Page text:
Figure. Clockwise from upper left, MARS node configuration,  array of 4 nodes with varying shielding thickness, flight hardware, location of single nodes on GLADIS box.
Figure. Clockwise from upper left, MARS node configuration, array of 4 nodes with varying shielding thickness, flight hardware, location of single nodes on GLADIS box.

Objectives

  • Provide an array of persistent, ubiquitous sensors that monitor the total dose radiation on the host spacecraft for 3-D rad modeling. The concept is to provide a radiation state-of-health measurement like that of a thermistor.
  • Validate SWORD modeling.

Approach

  • Hybrid microcircuit which directly measures accumulated total ionizing dose in a silicon test mass since power-up, technology developed by Aerospace and transitions to Teledyne.
  • Persistent sensor – 100% duty cycle
  • Low Size, Weight, and Power (SWAP) small telemetry requirement:
    5.4 x 5.4 x 1.9 cm, 110g, 30 mW avg., 66 bits/sample/sensor
  • An array of micro-dosimeters is flown on the STP-H4 host experiment (GLADIS), several nodes on the exterior and one on the interior. First flight of technology post industry transition.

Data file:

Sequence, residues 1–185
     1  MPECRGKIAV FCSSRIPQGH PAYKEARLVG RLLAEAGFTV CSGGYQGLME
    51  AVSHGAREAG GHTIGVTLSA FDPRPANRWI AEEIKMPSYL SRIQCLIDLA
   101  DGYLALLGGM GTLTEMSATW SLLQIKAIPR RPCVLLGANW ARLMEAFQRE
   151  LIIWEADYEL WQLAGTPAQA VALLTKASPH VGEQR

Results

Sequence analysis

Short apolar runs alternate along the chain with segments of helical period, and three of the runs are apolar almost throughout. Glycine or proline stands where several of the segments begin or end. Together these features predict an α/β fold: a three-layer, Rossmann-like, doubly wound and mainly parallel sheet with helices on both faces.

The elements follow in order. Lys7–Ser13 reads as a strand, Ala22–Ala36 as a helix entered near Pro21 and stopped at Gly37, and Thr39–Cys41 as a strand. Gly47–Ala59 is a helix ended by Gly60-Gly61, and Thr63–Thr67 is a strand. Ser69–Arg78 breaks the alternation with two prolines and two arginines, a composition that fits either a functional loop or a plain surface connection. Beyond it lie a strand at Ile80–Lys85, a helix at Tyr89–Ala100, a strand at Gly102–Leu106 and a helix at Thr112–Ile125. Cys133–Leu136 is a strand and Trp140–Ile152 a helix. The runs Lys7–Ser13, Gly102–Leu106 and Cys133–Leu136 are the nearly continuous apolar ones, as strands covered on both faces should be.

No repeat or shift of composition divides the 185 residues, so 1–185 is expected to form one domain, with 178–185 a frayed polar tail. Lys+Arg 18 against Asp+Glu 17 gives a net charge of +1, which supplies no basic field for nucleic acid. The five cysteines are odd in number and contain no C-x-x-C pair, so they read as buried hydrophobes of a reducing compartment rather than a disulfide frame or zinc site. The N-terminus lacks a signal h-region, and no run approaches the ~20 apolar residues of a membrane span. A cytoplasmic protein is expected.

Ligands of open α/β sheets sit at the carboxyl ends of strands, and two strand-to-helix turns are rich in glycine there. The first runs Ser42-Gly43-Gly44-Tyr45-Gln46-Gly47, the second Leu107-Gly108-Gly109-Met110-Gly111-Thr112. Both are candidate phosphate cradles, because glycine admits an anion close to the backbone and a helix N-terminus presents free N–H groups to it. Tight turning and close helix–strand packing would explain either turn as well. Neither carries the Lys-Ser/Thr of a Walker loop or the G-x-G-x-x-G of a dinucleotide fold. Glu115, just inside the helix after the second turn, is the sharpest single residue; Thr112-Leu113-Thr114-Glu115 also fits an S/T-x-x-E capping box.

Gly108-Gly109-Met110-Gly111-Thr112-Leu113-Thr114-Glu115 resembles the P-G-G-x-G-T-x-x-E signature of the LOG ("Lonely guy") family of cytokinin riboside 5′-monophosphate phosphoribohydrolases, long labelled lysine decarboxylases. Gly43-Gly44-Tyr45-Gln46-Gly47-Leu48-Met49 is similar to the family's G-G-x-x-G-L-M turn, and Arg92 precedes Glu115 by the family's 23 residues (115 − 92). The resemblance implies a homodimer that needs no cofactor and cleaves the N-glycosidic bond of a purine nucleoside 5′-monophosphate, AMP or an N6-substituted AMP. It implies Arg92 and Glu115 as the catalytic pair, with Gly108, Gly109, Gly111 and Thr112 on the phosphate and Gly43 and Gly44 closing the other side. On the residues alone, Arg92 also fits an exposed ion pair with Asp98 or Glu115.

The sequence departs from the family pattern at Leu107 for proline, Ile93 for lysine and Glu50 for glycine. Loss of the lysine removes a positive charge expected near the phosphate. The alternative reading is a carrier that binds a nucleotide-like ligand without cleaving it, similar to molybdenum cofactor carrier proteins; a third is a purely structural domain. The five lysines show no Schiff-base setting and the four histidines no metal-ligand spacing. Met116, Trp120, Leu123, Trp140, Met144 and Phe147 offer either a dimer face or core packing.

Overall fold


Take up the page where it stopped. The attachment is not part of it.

• A co-located array of four dosimeters with varying amount of shielding to look at different energy levels
  • Nodes connect to a simple central data collector that collates data for distribution to host platform data handling system.

Deliverable/Value/Accomplishment

  • Flight of an array of micro-dosimeters placed on the interior and exterior of a host spacecraft will provide radiation depth-dose profile in the vehicle, which can be directly compared with SWORD calculations using rad. transfer and mass modeling
  • Spacecraft Design Aid
    • Enables verification of space vehicle radiation design models ( e.g.. SWORD, SPENVIS)
    • Critical for highly exposed applications
    • Deep dielectric discharges
    • Determine amount of shielding
  • Launch Plans: MARS delivered to STP-H4 payload complement for launch on HTV-4 (Tanegashima, Japan) in Aug 2013 for flight on International Space Station